Frears allows actors to claim their roles


"Some actors," says the British director Stephen Frears, with a mordant, almost blackly humorous laugh, "have a way of just claiming a role. You don't cast them. You try not to cast them in fact. Yet somehow they claim it."

And that's what happened in "The Grifters."

Frears is noted for unusual casting choices. In "Dangerous Liaisons," for example, he worked against precedent and put Americans Glenn Close and John Malkovich into the center of sexual intrigue in pre-Revolutionary France. The movie dazzled critics and viewers alike.

Now, equally astonishing, he's mixed Mr. Teen Nice Guy John Cusack, the flamboyant but under-used Anjelica Huston and the little-known Annette Bening, in this convulsively amusing version of pulp novelist Jim Thompson's corrosive fable.

As Frears tells it -- tongue perhaps in cheek? -- each of these three simply demanded their roles and the feckless director finally bowed to their force of will, stepped aside, and let them take over the movie.

Cusack had even tried to buy the rights to the book from the Thompson estate, so perfectly suited to the role of young con man Roy Dillon he thought he was.

As for Bening, there was a strange connection to Frears already through the conduit of the "Dangerous Liaisons"/"Les Liaisons Dangereuses" axis. She had starred as Merteuil, the manipulative, conspicuously evil French aristocrat in a film version of Choderlos de Laclos' epistolary novel. But it was not Frears' version; rather, it was the Milos Forman version, called "Valmont," which, though started a year earlier, reached the screen a year later than Frears' acclaimed version, not that anyone noticed. Glenn Close had played the role, famously, in Frears' version, which was based on a Christopher Hampton screenplay of the novel.

"Annette was very good in the role, and even before I'd cast Glenn, I'd seen her for Merteuil. But that was in the past and now we were in the present. And she just demanded to play Myra. How could I refuse?"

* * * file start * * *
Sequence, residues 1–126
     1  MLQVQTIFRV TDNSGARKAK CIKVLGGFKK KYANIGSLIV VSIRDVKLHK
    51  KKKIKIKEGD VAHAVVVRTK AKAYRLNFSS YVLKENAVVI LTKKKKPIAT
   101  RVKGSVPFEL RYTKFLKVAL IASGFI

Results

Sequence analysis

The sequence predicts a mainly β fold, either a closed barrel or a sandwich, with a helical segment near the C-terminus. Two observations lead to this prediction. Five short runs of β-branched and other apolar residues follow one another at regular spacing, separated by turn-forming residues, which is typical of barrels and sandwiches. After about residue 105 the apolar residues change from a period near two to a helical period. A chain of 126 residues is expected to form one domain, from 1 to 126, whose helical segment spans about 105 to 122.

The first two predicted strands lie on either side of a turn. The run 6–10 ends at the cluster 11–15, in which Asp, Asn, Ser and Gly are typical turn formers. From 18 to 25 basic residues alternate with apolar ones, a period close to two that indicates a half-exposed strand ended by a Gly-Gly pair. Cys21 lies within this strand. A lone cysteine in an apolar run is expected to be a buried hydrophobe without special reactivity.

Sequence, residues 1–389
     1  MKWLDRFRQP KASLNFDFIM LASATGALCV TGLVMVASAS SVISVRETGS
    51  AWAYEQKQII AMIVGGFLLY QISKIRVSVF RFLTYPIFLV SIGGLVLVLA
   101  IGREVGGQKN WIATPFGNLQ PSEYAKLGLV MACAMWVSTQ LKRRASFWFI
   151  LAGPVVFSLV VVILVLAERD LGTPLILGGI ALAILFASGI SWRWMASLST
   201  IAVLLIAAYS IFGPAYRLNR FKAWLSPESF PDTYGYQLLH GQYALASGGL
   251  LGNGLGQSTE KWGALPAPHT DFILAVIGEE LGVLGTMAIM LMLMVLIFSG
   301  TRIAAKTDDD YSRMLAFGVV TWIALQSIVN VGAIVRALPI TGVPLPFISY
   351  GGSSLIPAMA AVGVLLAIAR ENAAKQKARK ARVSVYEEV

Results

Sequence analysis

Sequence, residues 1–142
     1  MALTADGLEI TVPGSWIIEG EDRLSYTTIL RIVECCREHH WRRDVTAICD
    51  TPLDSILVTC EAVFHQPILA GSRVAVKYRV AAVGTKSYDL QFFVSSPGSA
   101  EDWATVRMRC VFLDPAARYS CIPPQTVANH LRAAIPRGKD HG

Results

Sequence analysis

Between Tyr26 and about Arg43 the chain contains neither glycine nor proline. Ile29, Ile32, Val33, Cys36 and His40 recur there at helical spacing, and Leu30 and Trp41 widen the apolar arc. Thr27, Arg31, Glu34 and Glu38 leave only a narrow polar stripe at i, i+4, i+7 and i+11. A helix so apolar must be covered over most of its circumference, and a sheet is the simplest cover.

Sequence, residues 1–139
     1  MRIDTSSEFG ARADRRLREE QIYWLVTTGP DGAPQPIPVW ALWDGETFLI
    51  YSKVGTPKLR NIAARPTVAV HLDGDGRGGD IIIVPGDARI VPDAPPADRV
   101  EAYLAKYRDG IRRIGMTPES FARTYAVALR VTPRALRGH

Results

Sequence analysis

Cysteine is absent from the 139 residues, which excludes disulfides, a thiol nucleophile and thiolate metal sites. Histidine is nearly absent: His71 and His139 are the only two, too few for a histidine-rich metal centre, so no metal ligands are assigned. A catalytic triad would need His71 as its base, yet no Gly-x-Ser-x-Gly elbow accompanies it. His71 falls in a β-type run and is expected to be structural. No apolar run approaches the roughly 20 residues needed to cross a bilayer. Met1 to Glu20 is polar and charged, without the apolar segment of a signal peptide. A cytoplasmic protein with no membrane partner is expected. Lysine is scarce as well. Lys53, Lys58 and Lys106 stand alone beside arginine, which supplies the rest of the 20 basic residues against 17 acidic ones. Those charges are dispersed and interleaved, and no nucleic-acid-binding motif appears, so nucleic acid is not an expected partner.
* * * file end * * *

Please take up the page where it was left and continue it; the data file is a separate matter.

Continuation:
For Frears, the film is a return of sorts to milieu. His first breakthrough movie, after 20 years of directing for British television, was "The Hit," a kind of intellectual gangster movie, with John Hurt and Steven Roth. From that, he was able to segue into some more "respectable" films, such as "My Beautiful Laundrette," "Sammy and Rosie Get Laid," and "Prick Up Your Ears," all as a preparation for "Dangerous Liaisons."

Now, in "The Grifters," Frears returns to the world of small-time crooks in the margins of society.

Asked why, Frears thought for a moment and said, "I've no idea. I've never met a crook in my life."

He went on to say that he was trained to make movies at the BBC (after a stint at Cambridge studying law) in such a way that his own experience wasn't necessary; in fact, it simply got in the way.

"You learned about the world you were making the movie about; you didn't make a movie about your own world. It was about other people's world. You had to master a new culture; that was just a part of the job."

And now, in "The Grifters," he's moved to America.

Executive producer Martin Scorsese was a great help in getting the "American-ness" right, even as "he made no attempt to interfere with my work. I immediately trusted him and I admire his work."

Ironically, Scorsese was editing another American crime epic, "GoodFellas," as he was supervising Frears' movie.

"We used to joke about who would get done first."

Both movies, however, have enjoyed almost unqualified critical success. And they may end up battling each other for Oscar nominations.

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